The report does not focus solely on the aspect of physical violence but establishes a need for creation of an enabling environment for WHRDs to work in. The report asserts that the violence experienced by WHRDs, as well as the impact it has on their lives and work, makes it imperative to adopt mechanisms for protection that address the different needs and realities of WHRDs.

Divided in five parts, the publication deals with various aspects of security and protection of WHRDs such as analysing risk factors, exploring protection measures, responsibility of the state, identification and description of regional and international human rights mechanisms in place to protect defenders and providing recommendations for various actors such as states, regional and international human rights protection mechanisms, international cooperation agencies and donors, and national and transnational corporations to develop gender-specific protection initiatives, and what “effective protection” means to WHRDs. Thus, the publication has a strong focus on protection initiatives put in place by the State as well as regional and international multilateral institutions and draws on the experiences and realities of WHRDs in relying on these protection strategies and mechanisms.

The publication emphasises the need to advance an integrated concept of security that goes beyond the mere physical protection of an individual. The report reiterates the need for protection measures and programs to take into account the historical, cultural, political and social contexts in which WHRDs live and address their specific needs and realities. Importantly, the report highlights the limitations of the term “security” by stating that it is often associated with militarization, whereas the word “protection” is often understood as having paternalistic connotations.

 

Pendigrast, K. (2016). BEFORE IT’S TOO LATE: A Preliminary Inquiry: Tangible Protection Mechanisms for Women Human Rights Defenders in the MENA Region and Beyond. Gulf Center for Human Rights. DOI: https://www.google.nl/url?sa=t&rct=j&q=&esrc=s&source=web&cd=3&cad=rja&uact=8&ved=0ahUKEwiXqICQwbLQAhVI0xoKHaCyAo8QFggoMAI&url=http%3A%2F%2Fwww.gc4hr.org%2Freport%2Fdownload%2F55&usg=AFQjCNEzil6ViCSGR2OsqXBEWq52uPFLSw&sig2=vk_iQRLwA95xu5fU0q2Few Retrieved on 2016 November, 21.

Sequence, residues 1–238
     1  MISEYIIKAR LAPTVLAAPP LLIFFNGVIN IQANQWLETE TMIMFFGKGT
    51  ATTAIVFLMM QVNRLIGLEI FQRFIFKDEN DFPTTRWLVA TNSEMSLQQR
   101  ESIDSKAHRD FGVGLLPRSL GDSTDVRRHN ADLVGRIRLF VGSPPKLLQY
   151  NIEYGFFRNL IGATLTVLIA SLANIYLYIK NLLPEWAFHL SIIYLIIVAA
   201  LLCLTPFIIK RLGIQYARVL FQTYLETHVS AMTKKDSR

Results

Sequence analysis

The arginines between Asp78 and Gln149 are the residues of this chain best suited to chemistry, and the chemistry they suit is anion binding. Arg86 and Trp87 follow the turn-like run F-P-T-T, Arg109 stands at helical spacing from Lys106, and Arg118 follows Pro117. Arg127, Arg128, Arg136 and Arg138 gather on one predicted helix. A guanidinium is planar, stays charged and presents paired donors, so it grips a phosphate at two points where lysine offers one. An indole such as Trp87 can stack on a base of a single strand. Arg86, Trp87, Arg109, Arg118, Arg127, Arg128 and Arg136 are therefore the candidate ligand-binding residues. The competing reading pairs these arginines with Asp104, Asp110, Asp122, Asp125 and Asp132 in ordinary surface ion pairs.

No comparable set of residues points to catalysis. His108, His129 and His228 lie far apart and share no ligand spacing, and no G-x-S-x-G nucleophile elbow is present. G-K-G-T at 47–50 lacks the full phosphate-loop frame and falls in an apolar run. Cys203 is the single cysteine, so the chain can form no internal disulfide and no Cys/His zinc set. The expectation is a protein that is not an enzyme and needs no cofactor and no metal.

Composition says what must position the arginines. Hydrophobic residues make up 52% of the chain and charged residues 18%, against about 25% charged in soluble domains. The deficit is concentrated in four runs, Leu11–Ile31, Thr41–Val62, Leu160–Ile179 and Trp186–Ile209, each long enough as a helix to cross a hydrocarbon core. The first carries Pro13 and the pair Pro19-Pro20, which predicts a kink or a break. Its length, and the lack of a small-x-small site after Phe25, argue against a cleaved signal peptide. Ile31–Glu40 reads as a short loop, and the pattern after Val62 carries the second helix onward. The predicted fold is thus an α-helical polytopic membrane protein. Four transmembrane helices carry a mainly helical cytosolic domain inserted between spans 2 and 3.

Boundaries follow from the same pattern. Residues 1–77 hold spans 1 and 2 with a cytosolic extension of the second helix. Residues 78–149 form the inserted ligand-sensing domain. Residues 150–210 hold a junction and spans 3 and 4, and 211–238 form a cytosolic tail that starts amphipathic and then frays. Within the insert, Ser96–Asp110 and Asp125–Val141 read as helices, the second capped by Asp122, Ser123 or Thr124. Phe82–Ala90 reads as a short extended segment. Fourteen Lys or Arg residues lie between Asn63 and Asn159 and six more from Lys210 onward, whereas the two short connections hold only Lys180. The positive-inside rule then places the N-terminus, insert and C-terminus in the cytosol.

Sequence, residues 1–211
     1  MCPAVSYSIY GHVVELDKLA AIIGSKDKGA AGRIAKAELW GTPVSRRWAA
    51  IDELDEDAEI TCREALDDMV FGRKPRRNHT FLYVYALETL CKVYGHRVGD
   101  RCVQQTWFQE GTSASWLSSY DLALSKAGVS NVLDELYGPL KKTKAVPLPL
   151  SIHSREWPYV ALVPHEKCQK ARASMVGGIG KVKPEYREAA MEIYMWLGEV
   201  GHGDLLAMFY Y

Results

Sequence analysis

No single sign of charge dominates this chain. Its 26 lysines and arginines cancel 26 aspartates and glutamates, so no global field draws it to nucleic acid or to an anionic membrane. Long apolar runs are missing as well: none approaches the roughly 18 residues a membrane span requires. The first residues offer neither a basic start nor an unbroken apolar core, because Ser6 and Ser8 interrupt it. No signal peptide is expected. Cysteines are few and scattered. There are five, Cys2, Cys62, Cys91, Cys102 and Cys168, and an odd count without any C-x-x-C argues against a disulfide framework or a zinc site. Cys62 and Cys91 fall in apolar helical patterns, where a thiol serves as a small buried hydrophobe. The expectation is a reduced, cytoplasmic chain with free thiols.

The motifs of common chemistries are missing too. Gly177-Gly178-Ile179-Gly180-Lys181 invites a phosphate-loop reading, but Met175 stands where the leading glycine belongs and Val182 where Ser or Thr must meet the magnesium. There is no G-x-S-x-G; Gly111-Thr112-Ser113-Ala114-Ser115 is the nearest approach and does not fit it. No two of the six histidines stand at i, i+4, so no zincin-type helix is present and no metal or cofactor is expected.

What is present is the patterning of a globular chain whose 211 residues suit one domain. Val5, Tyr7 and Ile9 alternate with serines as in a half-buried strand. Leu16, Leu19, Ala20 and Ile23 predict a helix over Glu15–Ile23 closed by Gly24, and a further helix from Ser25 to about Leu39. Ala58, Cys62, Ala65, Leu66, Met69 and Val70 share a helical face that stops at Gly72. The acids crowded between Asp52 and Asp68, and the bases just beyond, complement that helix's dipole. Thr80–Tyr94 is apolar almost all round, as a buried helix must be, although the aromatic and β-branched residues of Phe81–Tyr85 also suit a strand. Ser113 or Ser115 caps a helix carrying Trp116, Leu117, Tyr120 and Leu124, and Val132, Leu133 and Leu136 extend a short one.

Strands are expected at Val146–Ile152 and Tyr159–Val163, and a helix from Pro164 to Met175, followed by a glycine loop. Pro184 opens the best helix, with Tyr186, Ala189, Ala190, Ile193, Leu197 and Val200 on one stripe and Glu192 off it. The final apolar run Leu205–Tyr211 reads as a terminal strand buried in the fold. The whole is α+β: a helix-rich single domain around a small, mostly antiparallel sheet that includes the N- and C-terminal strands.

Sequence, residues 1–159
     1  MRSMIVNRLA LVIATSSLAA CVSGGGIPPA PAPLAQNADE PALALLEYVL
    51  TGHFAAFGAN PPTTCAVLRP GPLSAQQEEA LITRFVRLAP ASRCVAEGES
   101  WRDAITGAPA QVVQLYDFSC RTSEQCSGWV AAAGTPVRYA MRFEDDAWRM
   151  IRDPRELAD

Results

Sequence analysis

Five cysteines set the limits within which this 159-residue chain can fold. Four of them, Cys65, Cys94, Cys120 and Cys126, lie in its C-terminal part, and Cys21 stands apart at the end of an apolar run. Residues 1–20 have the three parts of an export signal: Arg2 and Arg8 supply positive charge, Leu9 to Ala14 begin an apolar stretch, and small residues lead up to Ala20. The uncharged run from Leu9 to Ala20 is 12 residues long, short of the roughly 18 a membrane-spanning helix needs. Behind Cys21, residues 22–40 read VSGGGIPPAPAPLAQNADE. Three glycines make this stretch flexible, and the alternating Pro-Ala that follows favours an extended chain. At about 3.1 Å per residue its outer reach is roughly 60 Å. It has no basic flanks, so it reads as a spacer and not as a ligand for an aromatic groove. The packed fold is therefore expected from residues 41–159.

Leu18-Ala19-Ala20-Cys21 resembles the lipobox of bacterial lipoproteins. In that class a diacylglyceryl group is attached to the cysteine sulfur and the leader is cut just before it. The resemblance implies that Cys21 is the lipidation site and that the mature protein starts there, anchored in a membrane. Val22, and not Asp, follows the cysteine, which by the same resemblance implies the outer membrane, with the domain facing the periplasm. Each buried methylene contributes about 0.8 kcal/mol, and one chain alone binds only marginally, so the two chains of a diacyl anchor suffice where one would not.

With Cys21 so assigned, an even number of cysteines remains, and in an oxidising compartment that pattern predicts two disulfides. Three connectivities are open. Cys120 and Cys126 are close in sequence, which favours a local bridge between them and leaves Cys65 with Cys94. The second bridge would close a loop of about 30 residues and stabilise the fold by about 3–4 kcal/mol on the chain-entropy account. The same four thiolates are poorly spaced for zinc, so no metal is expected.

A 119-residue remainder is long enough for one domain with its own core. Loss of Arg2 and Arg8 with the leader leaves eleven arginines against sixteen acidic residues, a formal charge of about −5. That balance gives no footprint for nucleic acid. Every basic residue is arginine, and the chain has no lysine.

This report has been published with the objective of initiating discussions on various thematic issues, including definitions of WHRDs in the Middle East and North Africa (MENA) region and how they relate to definitions used by United Nations Mechanisms, including the U.N special Rapporteur on the Situation of HRDs. The report establishes a feminist methodology for the research and has been created with the aim of being a collective and participatory effort based on objective investigation and analysis. The report also aims at addressing and unpacking common problems in definitions and reflecting a culture of reaction while seeking to use women’s voices as the main source of report narratives.

The report places the situation of WHRDs in the MENA region within the context of displacement, secrecy, constant assault and disrupting identity and conventional (legal approaches and social pressure) and unconventional (ICTs and methods affecting social and financial mobility) modes of targeting WHRDs. With the aim of creating a category of WHRDs with a clear set of rules and criteria to be inclusive and non-discriminatory, the report sheds light on the dilemma of the definition of WHRDs. The discussion highlights an evidential gap related to “neutrality” between the local and international circles with regard  to who can identify as a defender in general. The report asserts that the lack of knowledge and awareness of these concepts is problematic and finds that definitions of who can conceptually or theoretically constitute a WHRD are very restrictive, and contribute to excluding a lot of women who are part of these global movements, based on narrow understandings and technicalities.

The report aims to set up a basis for a holistic strategy for prevention of violence against and protection of WHRDs in this region by focusing on components such as communal approach, communal research, tackling urgent issues with time, technology, access to privacy and safe spaces, access to rehabilitation, and establishing a culture of well-being. The report also presents a comprehensive set of recommendations addressing stakeholders on various levels. Prevention is at the core of these recommendations and proposals focus on maintaining and sustaining collaboration between different agencies to achieve the anticipated results through various tools such as legal mechanisms, research, long term programing with a concentration on well-being, access and dissemination of information through safe digital spaces.

 

Foulkes, I. (2016 October, 26). Sexual harassment of female MPs widespread, report says. BBC News. DOI: http://www.bbc.com/news/world-europe-37770664 Retrieved on 2016 November, 21.